Death and the Compass: Comparing Ideas.
One of the oldest standards in Western literature as we know it today is that of the detective story. We, as a people, are fascinated with stories woven thick with intrigue and dastardly deeds, just as we are fascinated with the detective character that tirelessly and ceaselessly, almost obsessively works to unweave the mystery and right whatever wrongs have occurred. Jorge Luis Borges' short story Death and the Compass, broken down to its simplest roots, is precisely that: an exciting little detective story. At a chaste and mere thirteen pages long, it is one of the shortest and most simplified detective stories that I have ever encountered as a student of literature. But even at its concise length, it still manages to captivate its audience and take on a life of its own, delving into issues far too complex to really be explored in such a succinct environment. From ancient Grecian labyrinths consisting of a single straight line to the very name of god himself, volumes could be written on the philosophical contents of Borges' unique style of writing, yet he himself only uses but thirteen pages to simply tell his story, without utilizing literary devices like tension, and character development, opting, instead, to simply say what he has to say, and leave it up to the reader to think what he will of it. Two works in film have been produced, based on Borges' Death and the Compass. Both are quite different from each other, yet still adhere to the same basic plot structure as Borges' original story.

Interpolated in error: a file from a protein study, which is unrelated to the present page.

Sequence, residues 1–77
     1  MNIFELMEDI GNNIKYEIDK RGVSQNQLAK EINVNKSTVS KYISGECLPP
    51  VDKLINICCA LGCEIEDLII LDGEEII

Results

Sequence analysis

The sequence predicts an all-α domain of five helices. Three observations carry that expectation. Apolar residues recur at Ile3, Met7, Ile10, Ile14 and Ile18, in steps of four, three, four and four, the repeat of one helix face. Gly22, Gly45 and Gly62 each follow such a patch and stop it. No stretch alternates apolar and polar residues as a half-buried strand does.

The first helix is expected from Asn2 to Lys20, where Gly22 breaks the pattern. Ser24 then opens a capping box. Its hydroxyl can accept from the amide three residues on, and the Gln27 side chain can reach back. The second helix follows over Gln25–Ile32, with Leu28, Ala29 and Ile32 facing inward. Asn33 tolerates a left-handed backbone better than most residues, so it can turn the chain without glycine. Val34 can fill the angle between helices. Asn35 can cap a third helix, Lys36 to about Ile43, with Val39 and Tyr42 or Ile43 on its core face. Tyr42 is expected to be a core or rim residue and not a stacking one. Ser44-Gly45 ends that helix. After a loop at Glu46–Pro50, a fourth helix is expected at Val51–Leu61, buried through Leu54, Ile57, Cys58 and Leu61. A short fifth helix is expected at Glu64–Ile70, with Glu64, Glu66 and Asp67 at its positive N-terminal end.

The story of Death and the Compass examines a brilliant, if not eccentric, detective named Erik Lonnrot, and the circumstances and events leading up to his inevitable demise at the hands of a vengeful criminal called Red Scharlach. Red Scharlach knows that Lonnrot is a thinker, and a researcher, and plays upon his deep curiosity and desire to unravel mysteries, luring him to the foreboding Tiste-le-Roy through a series of mysterious murders involving cryptic little clues and hinting at kabala-related sacrifices and rabbinical intrigue.